Anti-Torture Law

  • India does not have an Anti-Torture Law
  • India had signed the UN Convention against torture way back in 1997, had still not ratified it. The Convention defines torture as a criminal offence
  • Due to this, extraditions are difficult
  • 90% of the States had no objection for a special law on torture and the NHRC itself had strongly supported the need for such a law
What does SC say?
  • India may be finding it tough to secure extraditions because there is a fear within the international community that the accused persons would be subject to torture here.
  • The court referred to the setback suffered by the CBI in its efforts to get Kim Davy — a Danish citizen and prime accused in the Purulia arms drop case of 1995 — extradited from Denmark. A Danish court had rejected the plea on the ground that he would risk “torture or other inhuman treatment” in India.
Steps taken so far?
  • Prevention of Torture Bill, 2010 was passed by Lok Sabha in 2010 itself. But even six years after that, it has not been passed by RS.
  • India had signed the UN Convention against torture way back in 1997, had still not ratified it.


  • Enacting a law prohibiting torture is both a moral imperative and a pragmatic necessity.
  • The Union government has informed the Supreme Court that it is seriously considering the 273rd Report of the Law Commission, which has recommended that India ratify the United Nations Convention against Torture and pass a law to prevent torture and punish its perpetrators.
  • A few months ago, the court had sought the Centre’s response to a petition filed in public interest by former Union Law Minister Ashwani Kumar, who complained about the delay in India ratifying the UN Convention, which it had signed in 1997.
  • The petition had also favoured a standalone legislation to prohibit torture. The court disposed of the matter without any direction after being informed that the matter was under serious consideration.
  • The Centre should now act on its own with a sense of urgency. There can be no reason to further delay legislative measures to eliminate all forms of torture and other cruel, inhuman and degrading forms of treatment.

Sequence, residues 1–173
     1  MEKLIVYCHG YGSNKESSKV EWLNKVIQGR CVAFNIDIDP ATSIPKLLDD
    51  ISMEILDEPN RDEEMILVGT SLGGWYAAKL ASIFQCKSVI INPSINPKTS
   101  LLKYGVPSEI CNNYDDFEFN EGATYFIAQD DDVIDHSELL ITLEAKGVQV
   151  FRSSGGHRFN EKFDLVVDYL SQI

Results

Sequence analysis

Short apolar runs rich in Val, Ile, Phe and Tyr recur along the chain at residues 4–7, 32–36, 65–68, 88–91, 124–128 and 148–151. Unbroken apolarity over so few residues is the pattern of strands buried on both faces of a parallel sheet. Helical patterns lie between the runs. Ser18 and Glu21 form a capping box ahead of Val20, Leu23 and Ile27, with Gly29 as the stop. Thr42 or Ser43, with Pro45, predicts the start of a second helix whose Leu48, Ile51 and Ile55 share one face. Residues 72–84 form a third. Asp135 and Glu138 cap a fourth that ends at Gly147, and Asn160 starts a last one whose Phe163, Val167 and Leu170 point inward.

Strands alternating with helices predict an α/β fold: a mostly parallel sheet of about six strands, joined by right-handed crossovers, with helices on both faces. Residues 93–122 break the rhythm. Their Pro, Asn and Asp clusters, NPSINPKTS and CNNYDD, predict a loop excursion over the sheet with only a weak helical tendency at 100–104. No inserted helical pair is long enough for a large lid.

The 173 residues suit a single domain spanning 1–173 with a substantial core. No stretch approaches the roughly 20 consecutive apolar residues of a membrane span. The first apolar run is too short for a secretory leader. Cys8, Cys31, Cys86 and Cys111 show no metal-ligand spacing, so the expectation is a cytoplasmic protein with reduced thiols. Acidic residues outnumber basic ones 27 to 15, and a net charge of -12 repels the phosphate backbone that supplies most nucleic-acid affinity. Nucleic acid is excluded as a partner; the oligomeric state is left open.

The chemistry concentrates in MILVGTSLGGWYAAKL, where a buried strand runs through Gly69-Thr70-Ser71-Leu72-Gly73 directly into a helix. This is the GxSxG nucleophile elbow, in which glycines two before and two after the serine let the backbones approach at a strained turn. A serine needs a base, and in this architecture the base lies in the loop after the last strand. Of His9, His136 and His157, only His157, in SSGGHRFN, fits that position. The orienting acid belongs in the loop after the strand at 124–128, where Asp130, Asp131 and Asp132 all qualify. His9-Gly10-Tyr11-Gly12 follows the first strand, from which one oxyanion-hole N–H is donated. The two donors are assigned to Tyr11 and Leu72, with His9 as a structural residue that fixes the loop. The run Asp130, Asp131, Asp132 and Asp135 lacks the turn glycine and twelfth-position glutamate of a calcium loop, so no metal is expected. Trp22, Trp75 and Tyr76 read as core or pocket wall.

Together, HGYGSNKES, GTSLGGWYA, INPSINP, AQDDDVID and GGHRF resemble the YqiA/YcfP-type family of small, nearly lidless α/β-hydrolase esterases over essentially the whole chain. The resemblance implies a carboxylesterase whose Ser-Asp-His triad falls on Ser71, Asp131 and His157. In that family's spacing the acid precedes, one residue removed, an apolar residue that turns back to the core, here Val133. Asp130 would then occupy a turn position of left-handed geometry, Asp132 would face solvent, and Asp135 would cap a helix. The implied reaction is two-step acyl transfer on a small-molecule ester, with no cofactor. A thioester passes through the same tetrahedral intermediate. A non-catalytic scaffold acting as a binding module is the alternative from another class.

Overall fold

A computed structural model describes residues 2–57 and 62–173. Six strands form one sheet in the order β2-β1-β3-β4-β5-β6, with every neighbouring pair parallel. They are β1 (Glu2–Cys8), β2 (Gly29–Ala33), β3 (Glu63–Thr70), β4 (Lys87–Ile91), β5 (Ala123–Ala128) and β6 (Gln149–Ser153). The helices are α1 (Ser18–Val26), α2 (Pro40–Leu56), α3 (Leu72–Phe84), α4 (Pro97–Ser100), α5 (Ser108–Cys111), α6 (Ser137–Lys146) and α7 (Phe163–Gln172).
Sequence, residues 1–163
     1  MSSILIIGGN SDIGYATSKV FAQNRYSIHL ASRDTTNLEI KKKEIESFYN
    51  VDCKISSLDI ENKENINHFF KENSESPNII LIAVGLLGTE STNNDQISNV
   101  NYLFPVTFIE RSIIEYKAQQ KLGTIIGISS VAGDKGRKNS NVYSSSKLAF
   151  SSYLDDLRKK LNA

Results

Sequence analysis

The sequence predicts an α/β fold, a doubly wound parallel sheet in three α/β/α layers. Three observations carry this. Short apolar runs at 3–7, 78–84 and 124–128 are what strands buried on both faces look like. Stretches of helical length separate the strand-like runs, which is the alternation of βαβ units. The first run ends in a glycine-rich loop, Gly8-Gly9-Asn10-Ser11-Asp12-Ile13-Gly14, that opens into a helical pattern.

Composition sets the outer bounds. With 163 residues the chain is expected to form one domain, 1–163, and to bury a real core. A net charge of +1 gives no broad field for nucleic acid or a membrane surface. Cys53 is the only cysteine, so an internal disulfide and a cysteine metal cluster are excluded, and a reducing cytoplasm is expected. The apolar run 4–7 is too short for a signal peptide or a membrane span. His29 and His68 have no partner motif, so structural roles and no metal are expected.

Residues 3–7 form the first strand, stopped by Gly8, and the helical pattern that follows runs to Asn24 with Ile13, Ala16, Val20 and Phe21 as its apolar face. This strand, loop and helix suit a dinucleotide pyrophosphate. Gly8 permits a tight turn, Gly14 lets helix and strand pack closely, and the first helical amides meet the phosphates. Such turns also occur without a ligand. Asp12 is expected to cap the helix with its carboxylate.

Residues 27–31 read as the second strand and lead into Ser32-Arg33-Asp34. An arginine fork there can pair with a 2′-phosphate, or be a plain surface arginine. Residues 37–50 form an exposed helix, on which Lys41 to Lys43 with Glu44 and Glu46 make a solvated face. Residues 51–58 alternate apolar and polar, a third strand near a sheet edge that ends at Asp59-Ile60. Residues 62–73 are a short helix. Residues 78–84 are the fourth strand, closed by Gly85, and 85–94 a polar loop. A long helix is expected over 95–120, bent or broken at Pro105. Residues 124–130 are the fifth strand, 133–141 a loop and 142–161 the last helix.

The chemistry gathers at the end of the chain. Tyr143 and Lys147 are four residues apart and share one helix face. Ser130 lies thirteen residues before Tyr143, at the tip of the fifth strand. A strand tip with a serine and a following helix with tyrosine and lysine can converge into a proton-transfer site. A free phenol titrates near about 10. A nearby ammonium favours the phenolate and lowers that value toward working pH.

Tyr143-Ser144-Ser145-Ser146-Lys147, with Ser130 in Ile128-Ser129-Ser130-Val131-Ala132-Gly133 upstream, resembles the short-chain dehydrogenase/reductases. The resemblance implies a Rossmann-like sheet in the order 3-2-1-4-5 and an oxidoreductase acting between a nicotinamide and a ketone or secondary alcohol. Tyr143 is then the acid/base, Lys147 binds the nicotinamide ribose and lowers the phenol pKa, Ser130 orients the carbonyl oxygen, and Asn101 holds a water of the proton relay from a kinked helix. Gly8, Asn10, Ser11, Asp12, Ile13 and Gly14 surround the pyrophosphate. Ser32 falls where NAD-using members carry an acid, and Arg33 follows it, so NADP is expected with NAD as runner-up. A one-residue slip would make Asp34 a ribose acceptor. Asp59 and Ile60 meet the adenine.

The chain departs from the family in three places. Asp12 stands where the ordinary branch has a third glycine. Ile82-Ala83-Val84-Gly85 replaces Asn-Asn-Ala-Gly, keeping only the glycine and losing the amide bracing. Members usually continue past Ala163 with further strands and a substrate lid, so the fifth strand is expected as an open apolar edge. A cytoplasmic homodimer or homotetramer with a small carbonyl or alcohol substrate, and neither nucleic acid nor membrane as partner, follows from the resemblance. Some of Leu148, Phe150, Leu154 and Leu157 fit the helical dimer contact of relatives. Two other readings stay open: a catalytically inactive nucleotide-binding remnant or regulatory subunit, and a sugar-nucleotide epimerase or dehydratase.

• At an earlier hearing, the court had itself highlighted why a standalone law is needed.
  • India has made many requests for extradition of offenders from other countries, and the absence of an anti-torture law may prevent these countries from acceding to India’s requests.
  • Earlier this month, extradition courts in the United Kingdom refused to send two persons to India to face trial, one of them on the ground that there was “no effective system of protection from torture in the receiving state”.
  • Conditions in India’s prisons, especially the chronic problem of over-crowding, are a reason for the country’s extradition requests failing.
  • Few would disagree that ratifying the UN Convention and following it up with a domestic law against torture will not only be in the national interest but also have positive implications for the protection of human rights.
  • Custodial violence continues to be prevalent in the country. The recent example of a bus conductor being forced to confess to murdering a schoolchild is a pointer to the use of torture as an investigative tool among policemen.
  • The Prevention of Torture Bill was passed by the Lok Sabha in 2010 to address the problem, but it lapsed after it was referred to a Select Committee in the Rajya Sabha.
  • The Law Commission, to which the question was referred in July this year, produced a report within three months. It also submitted a draft Bill for the government’s consideration.
  • The government should accept the recommendations without delay as it not only provides a penal framework for punishing public servants who inflict torture, but also lays down that just compensation be paid to victims.

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